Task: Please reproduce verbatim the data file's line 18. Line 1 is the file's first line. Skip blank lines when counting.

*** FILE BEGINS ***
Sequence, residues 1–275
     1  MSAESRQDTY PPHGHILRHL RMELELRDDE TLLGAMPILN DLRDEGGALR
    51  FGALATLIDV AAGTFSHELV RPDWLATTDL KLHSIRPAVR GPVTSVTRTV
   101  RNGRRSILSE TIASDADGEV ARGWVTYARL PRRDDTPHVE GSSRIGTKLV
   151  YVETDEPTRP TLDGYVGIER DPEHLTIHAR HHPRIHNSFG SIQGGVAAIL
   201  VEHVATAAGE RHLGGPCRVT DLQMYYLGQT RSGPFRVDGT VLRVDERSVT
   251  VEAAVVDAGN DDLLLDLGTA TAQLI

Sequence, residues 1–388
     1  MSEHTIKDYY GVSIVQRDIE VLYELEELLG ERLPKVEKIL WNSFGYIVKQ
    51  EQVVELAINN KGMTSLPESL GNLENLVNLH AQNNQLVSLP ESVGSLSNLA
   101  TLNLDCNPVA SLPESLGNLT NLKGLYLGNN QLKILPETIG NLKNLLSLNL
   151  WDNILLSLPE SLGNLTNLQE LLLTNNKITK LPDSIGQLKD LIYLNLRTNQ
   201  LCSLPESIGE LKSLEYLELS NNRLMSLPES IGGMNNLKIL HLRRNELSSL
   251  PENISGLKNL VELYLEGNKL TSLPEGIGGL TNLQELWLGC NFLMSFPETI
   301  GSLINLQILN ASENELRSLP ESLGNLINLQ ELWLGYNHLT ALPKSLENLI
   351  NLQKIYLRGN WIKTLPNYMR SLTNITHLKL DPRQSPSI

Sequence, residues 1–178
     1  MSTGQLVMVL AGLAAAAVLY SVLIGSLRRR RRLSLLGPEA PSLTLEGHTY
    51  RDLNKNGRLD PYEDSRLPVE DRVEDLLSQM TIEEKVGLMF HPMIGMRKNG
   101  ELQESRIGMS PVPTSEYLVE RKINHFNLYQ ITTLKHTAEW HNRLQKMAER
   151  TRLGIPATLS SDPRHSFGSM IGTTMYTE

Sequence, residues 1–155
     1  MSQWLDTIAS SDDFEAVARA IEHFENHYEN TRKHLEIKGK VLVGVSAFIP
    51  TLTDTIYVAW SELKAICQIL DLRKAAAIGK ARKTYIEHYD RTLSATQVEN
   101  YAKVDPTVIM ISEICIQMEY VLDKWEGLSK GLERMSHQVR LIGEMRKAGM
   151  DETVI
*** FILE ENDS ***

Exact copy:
     1  MSTGQLVMVL AGLAAAAVLY SVLIGSLRRR RRLSLLGPEA PSLTLEGHTY